“Whether it is salmon, sea bass or monkfish, there is something satisfying in producing a nicely cooked piece of fish, especially at work on the induction stove as it gives such an even heat it makes cooking fish so easy,” he says.

Mushrooms, however, are a different kettle of fish: “Due to having a mushroom allergy I’m not a fan of cooking with them as I need someone else to taste for seasoning!” he reveals.

Smoked haddock Florentine

(Serves 4-5)



  • 1kg undyed smoked haddock
  • 600ml milk
  • 50g unsalted butter
  • 50g plain flour
  • 300g spinach washed
  • 1 tbsp chopped parsley (optional)
  • 10 large potatoes (roosters)
  • 3 egg yolks


  1. In a sauce pan gently warm the milk over a medium heat until almost at a simmer.
  2. Add the smoked haddock to the milk and gently poach until opaque and flaking (6-7 minutes), remove from the heat and gently lift the haddock from the milk using a slotted spoon being careful not to break up the haddock too much. Keep the milk aside.
  3. In a heavy based saucepan melt the butter over a medium heat and then add the flour to make a roux continuously stirring cook for 2-3 minutes to cook out the flour without getting too much colour in the roux.
  4. Gradually add in the warm milk while continuing to whisk until you have a nice creamy sauce. Remove from the heat and add the parsley and salt to season.
  5. Add the smoked haddock to the sauce and gently fold it together so the haddock has a nice coating all over.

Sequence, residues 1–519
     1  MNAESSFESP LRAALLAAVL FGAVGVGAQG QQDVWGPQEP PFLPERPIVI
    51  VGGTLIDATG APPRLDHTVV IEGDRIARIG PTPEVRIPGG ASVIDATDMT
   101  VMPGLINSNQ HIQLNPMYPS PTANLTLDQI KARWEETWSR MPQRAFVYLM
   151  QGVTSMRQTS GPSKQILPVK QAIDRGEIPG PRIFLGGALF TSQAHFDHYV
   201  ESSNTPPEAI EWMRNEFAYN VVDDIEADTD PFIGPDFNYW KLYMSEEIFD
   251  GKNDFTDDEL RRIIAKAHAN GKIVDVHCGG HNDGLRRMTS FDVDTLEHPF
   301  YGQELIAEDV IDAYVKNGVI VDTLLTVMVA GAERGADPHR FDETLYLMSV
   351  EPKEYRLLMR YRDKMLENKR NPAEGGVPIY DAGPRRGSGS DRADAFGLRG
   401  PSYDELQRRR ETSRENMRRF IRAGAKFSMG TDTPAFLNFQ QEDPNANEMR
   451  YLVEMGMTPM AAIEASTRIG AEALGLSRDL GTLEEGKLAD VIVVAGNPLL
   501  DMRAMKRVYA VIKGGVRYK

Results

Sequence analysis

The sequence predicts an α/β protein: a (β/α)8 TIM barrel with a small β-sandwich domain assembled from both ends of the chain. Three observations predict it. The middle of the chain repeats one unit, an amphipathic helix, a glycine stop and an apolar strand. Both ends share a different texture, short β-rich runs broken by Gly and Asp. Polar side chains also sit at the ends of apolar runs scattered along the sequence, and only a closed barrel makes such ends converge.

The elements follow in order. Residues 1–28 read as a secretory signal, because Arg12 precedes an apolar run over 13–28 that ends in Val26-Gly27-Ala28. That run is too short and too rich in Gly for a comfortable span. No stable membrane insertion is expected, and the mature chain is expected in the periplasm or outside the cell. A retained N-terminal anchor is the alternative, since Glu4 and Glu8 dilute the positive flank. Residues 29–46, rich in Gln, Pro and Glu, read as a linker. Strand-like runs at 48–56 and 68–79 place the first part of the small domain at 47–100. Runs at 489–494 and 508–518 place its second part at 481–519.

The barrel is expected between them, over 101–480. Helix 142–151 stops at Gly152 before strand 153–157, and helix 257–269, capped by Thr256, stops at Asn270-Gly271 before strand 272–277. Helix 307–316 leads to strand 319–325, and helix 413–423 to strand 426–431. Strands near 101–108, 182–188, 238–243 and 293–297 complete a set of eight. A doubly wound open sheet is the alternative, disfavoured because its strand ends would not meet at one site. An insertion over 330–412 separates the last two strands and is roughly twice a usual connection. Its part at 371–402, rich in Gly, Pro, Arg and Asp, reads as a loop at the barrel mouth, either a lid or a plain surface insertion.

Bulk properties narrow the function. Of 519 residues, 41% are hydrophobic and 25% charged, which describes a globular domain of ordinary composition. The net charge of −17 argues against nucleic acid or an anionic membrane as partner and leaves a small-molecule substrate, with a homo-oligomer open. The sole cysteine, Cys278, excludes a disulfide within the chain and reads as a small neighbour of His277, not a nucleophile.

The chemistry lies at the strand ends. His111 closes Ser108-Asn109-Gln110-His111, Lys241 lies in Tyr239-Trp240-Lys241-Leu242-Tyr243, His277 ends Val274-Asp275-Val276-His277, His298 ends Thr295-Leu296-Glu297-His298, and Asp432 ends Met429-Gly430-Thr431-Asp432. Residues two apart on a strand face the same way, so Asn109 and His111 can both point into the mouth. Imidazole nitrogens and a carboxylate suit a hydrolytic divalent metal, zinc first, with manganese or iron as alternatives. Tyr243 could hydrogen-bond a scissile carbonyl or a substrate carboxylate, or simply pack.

6. Meanwhile peel and boil the potatoes for mash, once drained mash the potatoes with butter and salt to taste then add in the egg yolks (egg yolks are optional but it gives it a lovely golden brown when it gets baked in the oven.
  7. Wilt the spinach over a pot of boiling water in a colander.
  8. Place the spinach in the bottom of a suitable casserole dish (the dish will need to be a couple of inches deep) spread the spinach out so there is a nice thin covering on the bottom of the dish.
  9. Gently spoon over the haddock and sauce so you have a nice deep layer, then either pipe or spoon on the warm mash
  10. Place the dish in the centre of a preheated oven and bake at 180C for 20 mins or until the mash is nicely golden brown.
  11. Serve with either buttered greens or a nice piece of crusty bread.
  12. This is a nice easy dish and great for this time of year as it is a nice hearty meal packed with flavour. It can also be served as a starter if you were to follow the same recipe but make them in individual ramekins.